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Analysis

What’s behind Riyadh’s recent frenzy of diplomatic activity in Lebanon?

An Arab diplomat takes stock of the underlying situation of the meeting between Walid Bukhari, Saudi Arabia’s ambassador to Lebanon, and President Michel Aoun

What’s behind Riyadh’s recent frenzy of diplomatic activity in Lebanon?

Walid Jumblatt and his son Taymour receive Saudi Arabian Ambassador to Lebanon Walid Boukhari. (Credit: DR)

Saudi Arabia has recently been leading intensive diplomatic activity via its ambassador in Lebanon — something that might be some cause for concern.

In recent days, Saudi Ambassador Walid Bukhari has met with no fewer than 23 ambassadors, including those from France and the United States, and with several prominent Lebanese politicians, including Progressive Socialist Party leader Walid Jumblatt, on Saturday.

The Saudi envoy’s recent activity contrasts with the rather quiescent stance it has taken vis-à-vis Lebanon since a bizarre sequence of events in November 2017 when then Prime Minister — and now Prime Minister-designate — Saad Hariri was said to be held in Riyadh and coerced to resign from his post. The kingdom considered that the country was in the hands of Hezbollah.

Riyadh continues to reprimand Hariri for not cutting dialogue with the pro-Iran party, which the kingdom views as a threat. Since 2015, when war broke out in Yemen with Hezbollah involved on the Houthi rebels’ side, the kingdom has interpreted Lebanon to be under the Shiite party’s influence.

So, the pertinent question is: do the latest developments indicate a change in Riyadh’s approach toward Lebanon and Hezbollah? Nothing is less sure.

Without moderating its stance, however, Saudi Arabia appears keen to assess its options and possibly recalibrate its policy in the event of a breakthrough it deems favorable to its interests.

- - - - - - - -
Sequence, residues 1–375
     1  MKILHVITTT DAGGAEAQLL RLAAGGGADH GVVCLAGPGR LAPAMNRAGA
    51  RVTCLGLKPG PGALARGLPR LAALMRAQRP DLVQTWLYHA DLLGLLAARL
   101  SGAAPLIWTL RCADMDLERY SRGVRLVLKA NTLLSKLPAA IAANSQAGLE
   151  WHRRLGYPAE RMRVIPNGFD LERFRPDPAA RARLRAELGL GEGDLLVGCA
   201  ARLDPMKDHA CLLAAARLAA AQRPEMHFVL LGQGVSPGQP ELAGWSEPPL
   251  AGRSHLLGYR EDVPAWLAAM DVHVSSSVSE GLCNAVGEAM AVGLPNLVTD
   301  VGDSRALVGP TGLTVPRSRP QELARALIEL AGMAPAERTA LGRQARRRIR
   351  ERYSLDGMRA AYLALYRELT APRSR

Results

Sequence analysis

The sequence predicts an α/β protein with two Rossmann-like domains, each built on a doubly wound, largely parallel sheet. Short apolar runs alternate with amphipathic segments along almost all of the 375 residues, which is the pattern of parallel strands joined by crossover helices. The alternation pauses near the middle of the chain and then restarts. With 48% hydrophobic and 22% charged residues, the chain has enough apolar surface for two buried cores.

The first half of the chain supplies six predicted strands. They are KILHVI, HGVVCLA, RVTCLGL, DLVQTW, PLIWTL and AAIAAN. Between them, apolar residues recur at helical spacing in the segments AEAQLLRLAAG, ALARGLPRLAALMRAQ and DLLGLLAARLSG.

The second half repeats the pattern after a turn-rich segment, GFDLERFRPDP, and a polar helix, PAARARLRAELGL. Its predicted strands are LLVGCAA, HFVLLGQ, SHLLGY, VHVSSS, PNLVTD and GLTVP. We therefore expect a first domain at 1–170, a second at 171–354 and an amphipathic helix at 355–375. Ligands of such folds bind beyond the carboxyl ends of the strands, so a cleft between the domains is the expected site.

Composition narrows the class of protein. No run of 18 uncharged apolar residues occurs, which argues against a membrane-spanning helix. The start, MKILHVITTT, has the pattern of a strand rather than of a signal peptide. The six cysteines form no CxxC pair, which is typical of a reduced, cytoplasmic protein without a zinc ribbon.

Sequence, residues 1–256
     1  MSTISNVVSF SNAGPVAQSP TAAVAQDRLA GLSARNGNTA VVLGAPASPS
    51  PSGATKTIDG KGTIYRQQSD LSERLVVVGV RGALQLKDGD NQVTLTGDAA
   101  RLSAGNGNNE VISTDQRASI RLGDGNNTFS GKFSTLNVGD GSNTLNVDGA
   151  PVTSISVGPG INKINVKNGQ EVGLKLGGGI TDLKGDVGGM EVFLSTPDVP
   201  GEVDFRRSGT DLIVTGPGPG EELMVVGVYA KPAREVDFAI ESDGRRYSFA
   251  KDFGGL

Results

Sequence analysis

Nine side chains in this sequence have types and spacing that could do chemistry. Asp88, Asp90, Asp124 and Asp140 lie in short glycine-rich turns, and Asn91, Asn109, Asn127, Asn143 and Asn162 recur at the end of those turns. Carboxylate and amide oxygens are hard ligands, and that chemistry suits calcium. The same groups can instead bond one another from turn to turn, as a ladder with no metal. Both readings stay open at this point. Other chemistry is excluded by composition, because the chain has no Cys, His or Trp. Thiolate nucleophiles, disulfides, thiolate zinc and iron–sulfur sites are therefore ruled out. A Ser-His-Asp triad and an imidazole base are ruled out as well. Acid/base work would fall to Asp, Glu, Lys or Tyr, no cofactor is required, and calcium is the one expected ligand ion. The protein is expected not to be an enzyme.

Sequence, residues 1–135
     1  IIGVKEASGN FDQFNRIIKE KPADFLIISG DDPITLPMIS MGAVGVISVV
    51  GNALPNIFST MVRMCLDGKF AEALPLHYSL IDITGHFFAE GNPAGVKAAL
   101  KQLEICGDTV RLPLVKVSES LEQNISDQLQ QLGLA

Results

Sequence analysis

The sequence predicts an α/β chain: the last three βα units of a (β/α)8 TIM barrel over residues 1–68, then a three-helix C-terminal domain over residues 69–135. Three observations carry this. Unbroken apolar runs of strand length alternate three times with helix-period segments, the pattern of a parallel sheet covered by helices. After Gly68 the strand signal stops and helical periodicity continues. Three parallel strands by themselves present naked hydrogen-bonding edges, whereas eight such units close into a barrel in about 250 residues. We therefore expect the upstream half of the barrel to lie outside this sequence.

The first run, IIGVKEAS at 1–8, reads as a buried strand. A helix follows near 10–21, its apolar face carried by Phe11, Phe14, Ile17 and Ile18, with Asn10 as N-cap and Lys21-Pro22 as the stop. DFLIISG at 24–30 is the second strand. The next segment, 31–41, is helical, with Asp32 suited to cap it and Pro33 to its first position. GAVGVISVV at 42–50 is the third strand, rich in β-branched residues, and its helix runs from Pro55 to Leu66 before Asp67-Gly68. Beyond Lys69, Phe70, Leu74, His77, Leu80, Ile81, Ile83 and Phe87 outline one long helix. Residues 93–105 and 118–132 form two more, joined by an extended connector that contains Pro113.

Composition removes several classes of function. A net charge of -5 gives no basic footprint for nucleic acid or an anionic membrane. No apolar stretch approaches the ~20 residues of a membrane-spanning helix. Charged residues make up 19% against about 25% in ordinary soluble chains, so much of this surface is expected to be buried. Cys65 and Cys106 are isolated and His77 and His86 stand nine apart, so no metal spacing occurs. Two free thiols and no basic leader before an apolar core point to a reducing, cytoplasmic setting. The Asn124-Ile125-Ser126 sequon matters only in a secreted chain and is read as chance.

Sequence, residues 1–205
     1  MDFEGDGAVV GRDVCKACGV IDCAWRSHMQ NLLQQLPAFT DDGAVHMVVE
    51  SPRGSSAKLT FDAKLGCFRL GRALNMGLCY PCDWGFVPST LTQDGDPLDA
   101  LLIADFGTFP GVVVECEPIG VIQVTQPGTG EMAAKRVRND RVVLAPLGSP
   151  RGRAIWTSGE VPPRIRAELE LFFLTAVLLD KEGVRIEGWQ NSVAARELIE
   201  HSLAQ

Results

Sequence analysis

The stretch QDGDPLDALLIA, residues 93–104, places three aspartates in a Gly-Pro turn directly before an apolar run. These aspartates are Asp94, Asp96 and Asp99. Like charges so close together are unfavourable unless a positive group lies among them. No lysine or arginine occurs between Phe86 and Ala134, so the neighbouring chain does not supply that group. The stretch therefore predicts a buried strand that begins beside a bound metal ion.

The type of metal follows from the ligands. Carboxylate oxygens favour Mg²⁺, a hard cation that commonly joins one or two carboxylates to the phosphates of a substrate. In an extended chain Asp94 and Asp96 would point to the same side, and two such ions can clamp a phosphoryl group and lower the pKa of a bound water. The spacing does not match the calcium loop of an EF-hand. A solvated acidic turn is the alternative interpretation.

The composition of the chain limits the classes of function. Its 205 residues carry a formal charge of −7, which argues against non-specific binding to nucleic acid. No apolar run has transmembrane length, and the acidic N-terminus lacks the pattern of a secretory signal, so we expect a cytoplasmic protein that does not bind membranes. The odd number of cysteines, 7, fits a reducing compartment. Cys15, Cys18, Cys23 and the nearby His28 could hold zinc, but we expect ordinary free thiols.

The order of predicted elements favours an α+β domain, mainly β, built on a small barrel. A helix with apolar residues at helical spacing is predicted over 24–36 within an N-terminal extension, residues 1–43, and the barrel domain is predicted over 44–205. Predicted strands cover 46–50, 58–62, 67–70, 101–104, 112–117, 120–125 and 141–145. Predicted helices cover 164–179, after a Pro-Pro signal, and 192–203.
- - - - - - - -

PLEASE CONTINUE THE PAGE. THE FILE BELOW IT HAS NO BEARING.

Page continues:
In other words, Saudi Arabia is currently acting to support the formation of a government in Lebanon that meets the standards of the international community.

Later, the kingdom will decide whether to cooperate with the cabinet based on its composition, political balances, ministerial declaration, program and capability to adopt truly effective policies.

All of the ambassadors who met with Bukhari stressed the need to support the French initiative, which involves significant structural reforms that will allow Lebanon to unblock international aid.

While Riyadh appears to be sticking to the technical aspects necessary for the formation of a new cabinet, it has also set its own political conditions concerning Hezbollah’s role in the government and conformity with United Nations resolutions.

According to a diplomat from an Arab country who asked not to be named, the ambassadors doubt Hezbollah is behind the government formation stalemate, although it has been alleged that the Shiite party is stalling the process pending the outcome of talks between the US and Iran.

“There has been discussion of possible joint European and Gulf sanctions on Lebanese officials accused of obstructing the formation of a government and involved in corruption cases,” the Arab diplomat says.

One meeting, two stories

The Saudi ambassador’s recent diplomatic activities have generated a great deal of speculation in a country where the role of external players always tends to be exaggerated, and a meeting between Bukhari and President Michel Aoun on March 23 was no exception.

Aounists presented the visit as Riyadh’s support for Aoun in the standoff between him and Hariri. The fact that the meeting took place after a stormy encounter between the president and the premier-designate over the cabinet lineup lent credence to the Aounists’ portrayal.

The Saudi side, however, had a different story to tell. “This visit took place in response to an invitation from the president,” the Arab diplomat says.

In fact, the Presidential Palace had sent three invitations to Bukhari. The last invitation, which led to the meeting with Aoun, was addressed from the palace’s head of protocol.